Steven Adams knows how to put situations into the right perspective.
Some players have complained in recent weeks about the food and the general situation they find themselves in for the NBA’s restarted season that begins on July 31.
'INDEFENSIBLE': ESPN reporter secretly recorded in hotel room
Stars have likened the Disney World bubble to the infamous Fyre Festival, after sharing photos of their underwhelming meals at the Florida resort.
But the Oklahoma City Thunder centre isn’t about to join the chorus of criticism.
To be fair, the players’ living quarters while in quarantine come complete with pools, movie theatres, quality chefs and even a barbershop.
It’s not too shabby.
Steven Adams on living in the bubble: "Let's be clear: This is not Syria. It's not that hard ... We're living at a bloody resort. Everyone is going to complain, everyone has their own preferences, nothing too serious. Just a bit of dry food here and there."— Royce Young (@royceyoung) July 20, 2020
Adams, who joked earlier this month he spent quarantine boxing out cows, said criticism of the quarantine situation was ridiculous.
“Let’s be clear: This is not Syria. It’s not that hard. ... We’re living at a bloody resort,” Adams said.
“Everyone is going to complain, everyone has their own preferences, nothing too serious. Just a bit of dry food here and there.”
It’s needed perspective, especially as millions around the country are unable to work due to the COVID-19 crisis.
Even those who still have a job may be essential workers and have to risk their health in order to make a paycheck and keep their housing.
There is, of course, risk that the COVID-19 virus could get into the NBA bubble environment, but the league’s restrictions are intended to keep all of the athletes safe.
Adams turned 27 on Monday and didn’t seem fazed by a bubble birthday.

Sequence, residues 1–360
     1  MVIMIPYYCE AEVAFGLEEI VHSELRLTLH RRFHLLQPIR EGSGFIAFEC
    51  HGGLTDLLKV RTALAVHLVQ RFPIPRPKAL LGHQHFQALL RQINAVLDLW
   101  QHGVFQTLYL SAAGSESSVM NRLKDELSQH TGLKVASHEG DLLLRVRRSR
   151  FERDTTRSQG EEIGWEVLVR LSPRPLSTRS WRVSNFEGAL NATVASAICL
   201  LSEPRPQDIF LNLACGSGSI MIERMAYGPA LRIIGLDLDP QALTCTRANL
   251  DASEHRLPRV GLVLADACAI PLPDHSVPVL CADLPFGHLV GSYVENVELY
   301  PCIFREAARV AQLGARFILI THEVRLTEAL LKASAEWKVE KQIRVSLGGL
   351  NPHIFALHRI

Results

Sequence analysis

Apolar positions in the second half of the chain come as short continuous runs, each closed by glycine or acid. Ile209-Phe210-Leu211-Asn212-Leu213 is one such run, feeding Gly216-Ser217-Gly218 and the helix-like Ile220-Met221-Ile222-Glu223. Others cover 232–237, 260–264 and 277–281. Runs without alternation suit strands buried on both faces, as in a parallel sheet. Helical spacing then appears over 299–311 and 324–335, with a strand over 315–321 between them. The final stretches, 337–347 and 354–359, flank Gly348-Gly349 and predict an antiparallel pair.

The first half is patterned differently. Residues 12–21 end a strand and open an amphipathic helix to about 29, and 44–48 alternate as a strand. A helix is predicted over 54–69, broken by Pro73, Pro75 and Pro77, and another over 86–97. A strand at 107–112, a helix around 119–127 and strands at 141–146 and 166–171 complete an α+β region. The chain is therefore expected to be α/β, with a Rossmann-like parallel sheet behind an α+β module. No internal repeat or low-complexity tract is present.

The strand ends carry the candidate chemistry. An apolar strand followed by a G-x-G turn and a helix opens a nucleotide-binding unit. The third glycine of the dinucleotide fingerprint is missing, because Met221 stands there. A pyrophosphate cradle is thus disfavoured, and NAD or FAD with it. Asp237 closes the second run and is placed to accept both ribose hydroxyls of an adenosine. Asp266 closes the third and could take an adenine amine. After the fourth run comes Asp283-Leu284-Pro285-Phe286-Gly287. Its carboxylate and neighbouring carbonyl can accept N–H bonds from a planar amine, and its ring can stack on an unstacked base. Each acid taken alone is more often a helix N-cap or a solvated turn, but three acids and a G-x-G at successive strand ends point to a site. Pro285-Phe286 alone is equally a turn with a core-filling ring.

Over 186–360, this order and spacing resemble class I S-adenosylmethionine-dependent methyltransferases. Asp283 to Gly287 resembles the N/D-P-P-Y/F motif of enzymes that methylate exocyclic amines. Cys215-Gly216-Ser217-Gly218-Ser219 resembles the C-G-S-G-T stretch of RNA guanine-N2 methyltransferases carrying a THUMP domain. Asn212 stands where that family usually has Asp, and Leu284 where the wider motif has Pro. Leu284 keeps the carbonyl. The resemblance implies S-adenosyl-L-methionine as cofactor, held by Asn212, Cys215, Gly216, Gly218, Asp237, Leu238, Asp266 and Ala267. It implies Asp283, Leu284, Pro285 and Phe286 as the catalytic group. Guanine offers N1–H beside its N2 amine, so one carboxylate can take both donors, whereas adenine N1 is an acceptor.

Adams turns 27 today (actually yesterday in New Zealand, he noted). His plans: "Might just play a bit of chess. Have a feed. Go by the pool. Do a bit of study and that's it. Just another day."— Royce Young (@royceyoung) July 20, 2020
I definitely plan on saying "have a feed" from now on instead of "go eat."— Royce Young (@royceyoung) July 20, 2020
Bubble overshadowed by ‘snitch hotline’ drama
Last week it emerged that the league’s anonymous ‘snitch hotline’ had gone into overdrive.
The reports came after controversial claims from Instagram model Anna Mya that she'd received an invite into the NBA bubble by one of the players.
NBA players and staff in Orlando are clearly going to hold each other accountable for mask and social-distancing violations.
The league’s anonymous tip line has reportedly received multiple calls, with reports of players breaking the league’s safety protocols.
Players reported to the tip line have reportedly received warnings, with the NBA being aggressive with safety issues as it attempts to restart on July 30.
At least two players - Bruno Caboclo and Richaun Holmes— had to restart the quarantine process after accidentally breaking the rules.
However, some players aren’t happy that the tip line exists, with Brooklyn Nets guard Spencer Dinwiddie telling players not to use it.
Dinwiddie, 27, opted out of the season and is not in Orlando.
While some players likely share Dinwiddie’s opinion, the only way the NBA is going to resume the season is if players stay healthy.
The best way to ensure that is to follow safety protocols.
The fact that the tip line was used suggests players and staff understand what’s at stake and want everyone to take this seriously.